Under King Salman, Saudi Arabia is expanding its confrontation with Iran well beyond the Middle East, no longer relying heavily on Western allies to smother Tehran’s ambitions outside the Arab world.
Since Salman came to power early last year, and Tehran struck a nuclear deal with world powers, Riyadh has adjusted its strategy for countering the efforts of its Shi’ite Muslim rival to build influence in Africa, Asia and even Latin America.
Most notably, the Sunni power has used Muslim networks to push states into cutting off contacts with Iran, including by creating an Islamic Coalition against terrorism without inviting Tehran to join.
“Iran is the one that isolated itself by supporting terrorism,” Foreign Minister Adel al-Jubeir told a recent news conference. “That is why the world reacted to Iran, and particularly the Islamic world, and basically said ‘enough is enough’.”
Tehran denies it sponsors terrorism, and points to its record of fighting the Sunni Muslim militants of Islamic State through backing for Shi’ite militias in Iraq and President Bashar al-Assad in Syria.
Riyadh is alarmed by Tehran’s support for the Shi’ite Hezbollah movement in Lebanon, and cut off military aid to the Beirut government after it failed to condemn attacks on Saudi diplomatic missions in Iran. Likewise, Saudi forces have launched a war on Iranian-allied Houthi rebels in Yemen.
But all this is part of its long-standing diplomatic, economic and military efforts to contain what it sees as a pernicious expansion of Iranian activity in Arab nations. Now it is attempting to orchestrate support elsewhere, including from countries such as Pakistan and Malaysia through its creation last November of the coalition against terrorism.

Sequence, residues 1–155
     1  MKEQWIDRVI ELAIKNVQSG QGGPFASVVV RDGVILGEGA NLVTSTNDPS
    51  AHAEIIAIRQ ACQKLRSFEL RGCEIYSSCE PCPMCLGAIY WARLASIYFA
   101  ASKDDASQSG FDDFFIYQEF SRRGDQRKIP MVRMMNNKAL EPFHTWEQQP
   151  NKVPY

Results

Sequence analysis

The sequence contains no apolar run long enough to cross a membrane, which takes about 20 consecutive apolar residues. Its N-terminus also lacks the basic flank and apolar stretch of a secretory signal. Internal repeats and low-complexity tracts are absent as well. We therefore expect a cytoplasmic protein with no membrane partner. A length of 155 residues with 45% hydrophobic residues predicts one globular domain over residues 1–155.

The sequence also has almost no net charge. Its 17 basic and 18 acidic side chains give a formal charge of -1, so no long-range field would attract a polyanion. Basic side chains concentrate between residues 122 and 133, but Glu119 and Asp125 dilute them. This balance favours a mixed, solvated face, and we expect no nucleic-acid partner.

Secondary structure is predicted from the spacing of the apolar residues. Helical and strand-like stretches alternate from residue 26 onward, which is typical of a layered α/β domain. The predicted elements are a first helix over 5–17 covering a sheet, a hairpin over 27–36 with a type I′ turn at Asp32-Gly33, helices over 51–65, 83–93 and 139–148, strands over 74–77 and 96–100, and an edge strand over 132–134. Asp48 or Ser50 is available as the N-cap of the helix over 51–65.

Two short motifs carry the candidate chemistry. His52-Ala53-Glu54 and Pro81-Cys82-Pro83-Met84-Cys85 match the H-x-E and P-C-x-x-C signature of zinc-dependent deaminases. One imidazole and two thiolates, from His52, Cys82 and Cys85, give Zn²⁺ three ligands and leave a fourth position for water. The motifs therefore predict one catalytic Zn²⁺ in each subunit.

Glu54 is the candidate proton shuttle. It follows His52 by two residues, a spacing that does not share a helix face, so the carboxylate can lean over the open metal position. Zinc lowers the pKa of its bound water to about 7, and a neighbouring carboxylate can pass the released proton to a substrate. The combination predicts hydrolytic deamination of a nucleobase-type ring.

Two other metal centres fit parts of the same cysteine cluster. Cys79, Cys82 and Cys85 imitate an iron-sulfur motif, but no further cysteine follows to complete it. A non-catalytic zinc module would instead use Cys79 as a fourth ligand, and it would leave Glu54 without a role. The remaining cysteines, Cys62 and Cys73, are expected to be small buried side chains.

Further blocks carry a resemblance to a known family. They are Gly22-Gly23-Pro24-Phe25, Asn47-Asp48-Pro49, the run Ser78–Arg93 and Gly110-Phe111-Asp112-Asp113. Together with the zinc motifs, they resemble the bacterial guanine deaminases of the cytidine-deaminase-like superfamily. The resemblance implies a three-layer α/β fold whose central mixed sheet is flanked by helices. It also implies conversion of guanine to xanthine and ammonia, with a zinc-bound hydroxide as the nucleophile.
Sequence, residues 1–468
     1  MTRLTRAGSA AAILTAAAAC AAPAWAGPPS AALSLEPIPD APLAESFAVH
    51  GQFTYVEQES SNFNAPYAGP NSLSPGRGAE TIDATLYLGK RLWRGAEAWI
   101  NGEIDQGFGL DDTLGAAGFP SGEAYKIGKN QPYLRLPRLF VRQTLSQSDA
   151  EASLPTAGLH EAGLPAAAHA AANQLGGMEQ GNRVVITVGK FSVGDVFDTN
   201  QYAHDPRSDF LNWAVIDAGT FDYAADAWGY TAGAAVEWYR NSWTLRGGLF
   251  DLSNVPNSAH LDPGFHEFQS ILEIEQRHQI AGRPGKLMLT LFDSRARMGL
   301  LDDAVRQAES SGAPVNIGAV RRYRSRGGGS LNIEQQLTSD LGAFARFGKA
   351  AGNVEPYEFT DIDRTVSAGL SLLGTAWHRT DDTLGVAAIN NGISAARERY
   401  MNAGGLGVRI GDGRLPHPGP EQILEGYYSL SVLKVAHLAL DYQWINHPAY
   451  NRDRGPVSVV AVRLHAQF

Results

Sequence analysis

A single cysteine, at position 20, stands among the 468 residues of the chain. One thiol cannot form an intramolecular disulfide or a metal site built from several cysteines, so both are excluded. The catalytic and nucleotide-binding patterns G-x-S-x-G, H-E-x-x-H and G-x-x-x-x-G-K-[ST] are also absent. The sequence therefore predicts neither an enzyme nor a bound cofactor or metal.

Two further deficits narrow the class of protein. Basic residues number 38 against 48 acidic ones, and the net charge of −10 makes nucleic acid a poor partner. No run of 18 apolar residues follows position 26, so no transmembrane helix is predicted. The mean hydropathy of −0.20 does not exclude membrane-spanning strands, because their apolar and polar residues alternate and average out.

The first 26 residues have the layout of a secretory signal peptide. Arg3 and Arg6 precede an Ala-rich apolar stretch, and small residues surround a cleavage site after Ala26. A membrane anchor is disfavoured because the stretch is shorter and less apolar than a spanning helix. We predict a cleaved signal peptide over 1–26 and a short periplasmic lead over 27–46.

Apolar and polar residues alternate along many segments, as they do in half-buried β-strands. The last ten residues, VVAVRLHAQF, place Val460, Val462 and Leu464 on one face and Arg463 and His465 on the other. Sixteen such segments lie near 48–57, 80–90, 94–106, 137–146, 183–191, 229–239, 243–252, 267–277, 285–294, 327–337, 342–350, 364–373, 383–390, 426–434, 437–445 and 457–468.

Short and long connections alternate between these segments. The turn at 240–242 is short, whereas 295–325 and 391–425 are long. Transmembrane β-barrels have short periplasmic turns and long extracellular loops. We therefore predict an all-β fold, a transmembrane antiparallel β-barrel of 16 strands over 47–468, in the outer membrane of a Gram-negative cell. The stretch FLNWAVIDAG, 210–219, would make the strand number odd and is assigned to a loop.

“In many ways the dimensions of the competition between Iran and Saudi Arabia are beginning to go beyond the Middle East. This is an interesting development that historically hasn’t been the case,” said Mehran Kamrava, a professor at Georgetown University-Qatar.
OLD ORDER DEAD
The strategy partly responds to implementation of the nuclear deal in January. Riyadh fears this will give Iran more scope to push its interests internationally by releasing it from many of the sanctions which have crippled its economy.
With even the United States now saying Western banks can resume legitimate business with Tehran, the Saudis believe their main Western ally is gradually disengaging from the region.
“They understand the old international order is dead and they have to take responsibility,” said a senior diplomat in Riyadh.
But the strategy is also driven by King Salman’s belief that Iranian influence has grown only because nobody has stood up to it, said Mustafa Alani, an Iraqi security expert with close ties to the Saudi interior ministry.
The coalition against terrorism falls into this context. When chiefs of staff from 34 Muslim states met after a joint military exercise in late March, a cartoon in the Saudi daily Asharq al-Awsat, owned by the ruling family, showed a bomber dropping leaflets with a no-entry sign onto Iran.
The coalition, which caused some confusion as to its scope and membership when Riyadh first announced it, is now moving forward and work to establish a “coordination center” may be formalized during the Muslim holy month which starts shortly.
“The next step is the meeting of defense ministers, perhaps during Ramadan. At the same time we prepare a coordination center in Riyadh,” said Saudi Brigadier General Ahmed al-Asseri.
This center will have permanent staff members from each participating country, Asseri said, and would be a place where states could either request help in dealing with militancy or offer military, security or other aid.